PERSON OF THE WEEK: Charles K. Rowley On The Effects Of Federal Intervention

More than a year after the federal government's intervention into the financial services sector, what is the shape of the industry? This week, MortgageOrb speaks with Charles K. Rowley, general director of The Locke Institute and Duncan Black Professor of economics at George Mason University, Fairfax, Va., on whether Washington's efforts were helpful or hurtful. Rowley is also the co-author (with Nathanael Smith) of ‘Economic Contractions in the United States: A Failure of Government,’ a new book published by The Locke Institute.

Q: How do you see the financial services industry and the housing market today?

Rowley: Some of the very large banks – Bank of America, Citigroup, Wells Fargo and GMAC – are in a dreadful condition, almost certainly worse than the stress tests suggest, if mark-to-market accounting were strictly imposed. Several other large banks that passed the stress tests are in worse shape than is acknowledged. They will be very slow to enter the housing market again in the short run, if they are sensible.

A lot of the smaller banks that played by the rules and did not get into subprime mortgages are in much better shape. The bankrupting of the failing large banks would have sped up the emergence of sound banks and limited long-term damage at the price of a sharper short-term upheaval.

The housing market is still in bad shape. There were some 3.5 million foreclosures in 2009, and more are on the way. But that is not the problem. The foreclosures are healthy because the housing market is recovering from a serious bubble. The faster the process goes, the better for the long-term viability of the industry.

Q: How would you rate the federal government's efforts in this area?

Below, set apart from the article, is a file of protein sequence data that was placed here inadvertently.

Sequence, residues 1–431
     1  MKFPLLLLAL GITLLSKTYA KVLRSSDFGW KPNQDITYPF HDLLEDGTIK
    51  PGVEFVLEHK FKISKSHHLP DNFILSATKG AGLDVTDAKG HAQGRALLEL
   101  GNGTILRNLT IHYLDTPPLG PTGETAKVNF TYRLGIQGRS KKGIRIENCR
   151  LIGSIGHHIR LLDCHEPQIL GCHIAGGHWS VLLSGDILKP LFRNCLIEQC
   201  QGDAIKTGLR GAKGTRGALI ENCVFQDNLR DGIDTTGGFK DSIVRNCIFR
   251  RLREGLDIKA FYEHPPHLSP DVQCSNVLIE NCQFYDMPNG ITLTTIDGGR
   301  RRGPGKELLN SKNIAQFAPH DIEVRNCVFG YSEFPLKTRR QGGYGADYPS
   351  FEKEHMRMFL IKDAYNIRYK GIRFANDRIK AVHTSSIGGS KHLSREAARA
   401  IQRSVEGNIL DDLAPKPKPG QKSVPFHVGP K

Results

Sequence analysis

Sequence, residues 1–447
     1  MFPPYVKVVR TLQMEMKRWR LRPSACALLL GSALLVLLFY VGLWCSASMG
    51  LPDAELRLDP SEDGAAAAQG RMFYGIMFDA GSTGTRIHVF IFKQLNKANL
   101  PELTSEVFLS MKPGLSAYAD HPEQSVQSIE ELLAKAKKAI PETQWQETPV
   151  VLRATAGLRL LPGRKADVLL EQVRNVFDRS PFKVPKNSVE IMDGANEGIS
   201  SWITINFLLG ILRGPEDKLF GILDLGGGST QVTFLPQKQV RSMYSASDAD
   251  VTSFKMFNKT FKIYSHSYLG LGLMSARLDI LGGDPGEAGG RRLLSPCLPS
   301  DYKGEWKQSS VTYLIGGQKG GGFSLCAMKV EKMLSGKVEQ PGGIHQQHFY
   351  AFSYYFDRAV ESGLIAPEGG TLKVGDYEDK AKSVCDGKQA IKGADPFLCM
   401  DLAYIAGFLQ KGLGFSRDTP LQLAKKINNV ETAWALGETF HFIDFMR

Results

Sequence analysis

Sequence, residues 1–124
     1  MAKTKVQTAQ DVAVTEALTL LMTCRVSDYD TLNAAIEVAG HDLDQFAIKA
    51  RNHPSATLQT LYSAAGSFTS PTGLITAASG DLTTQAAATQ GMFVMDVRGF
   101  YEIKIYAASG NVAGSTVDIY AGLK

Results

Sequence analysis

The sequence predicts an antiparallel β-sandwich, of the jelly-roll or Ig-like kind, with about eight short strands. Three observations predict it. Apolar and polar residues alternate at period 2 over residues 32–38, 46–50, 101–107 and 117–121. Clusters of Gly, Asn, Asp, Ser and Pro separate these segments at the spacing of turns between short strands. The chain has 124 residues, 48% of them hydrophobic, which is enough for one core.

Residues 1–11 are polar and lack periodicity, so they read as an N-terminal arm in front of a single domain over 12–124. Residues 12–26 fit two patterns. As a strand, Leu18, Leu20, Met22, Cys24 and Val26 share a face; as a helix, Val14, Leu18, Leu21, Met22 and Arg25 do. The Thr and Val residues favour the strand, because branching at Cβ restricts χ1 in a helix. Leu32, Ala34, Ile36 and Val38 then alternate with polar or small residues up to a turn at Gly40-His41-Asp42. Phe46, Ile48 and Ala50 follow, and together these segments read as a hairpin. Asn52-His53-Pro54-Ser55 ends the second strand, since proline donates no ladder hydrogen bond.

Rowley: The federal government's intervention in the mortgage banking industry hurt the industry significantly. Insolvent banks should have been bankrupted, allowing accounts protected under the Federal Deposit Insurance Corp. to shift to healthy existing or new banks. This would have valued the toxic assets appropriately – pretty much at zero – clearing them from the ledger that currently overhangs the industry.

Bank failures are the good side of the coin. Propping up the banks that deserved to fail is the bad side of the coin.

Fannie Mae and Freddie Mac, as well as the Federal Housing Administration (FHA), should have been shut down, forcing mortgage lenders be held fully responsible for their loans. These actions would have eliminated a lot of moral hazard for the future and taken the mortgage business back to the much saner period before derivatives, subprime lending, reverse redlining and all the other excesses of the past decade emerged.

Q: Many people in mortgage banking have viewed the FHA in a positive light. Why do you believe that the agency should be closed?

Rowley: The FHA is a disgrace. Foreclosures on its loans are running at the same level as those involving subprime loans. It is responding to President Obama's pressure to engage in reverse redlining mortgages, basically replacing the private-sector banks that have withdrawn from the subprime market. It will be bailed out in 2010, as Obama further reaches into his policy of socializing the financial sector.

Q: What do you see as the near-term future for Fannie Mae and Freddie Mac?

Rowley: Those two disgraces should have been liquidated in late 2008. They will stumble on making unbelievable losses as part of Obama's long march to socialism.

Q: What do you see for the economy in 2010?

Rowley: For 2010, I expect a very sluggish recovery because of the growing federal debt. I expect a serious deterioration in the dollar as international reserve currency, triggering interest rate rises that will induce a second recession. This would have been avoided if Bush and Obama and the Congress had balanced the federal budget through the crisis and refrained from bailouts.


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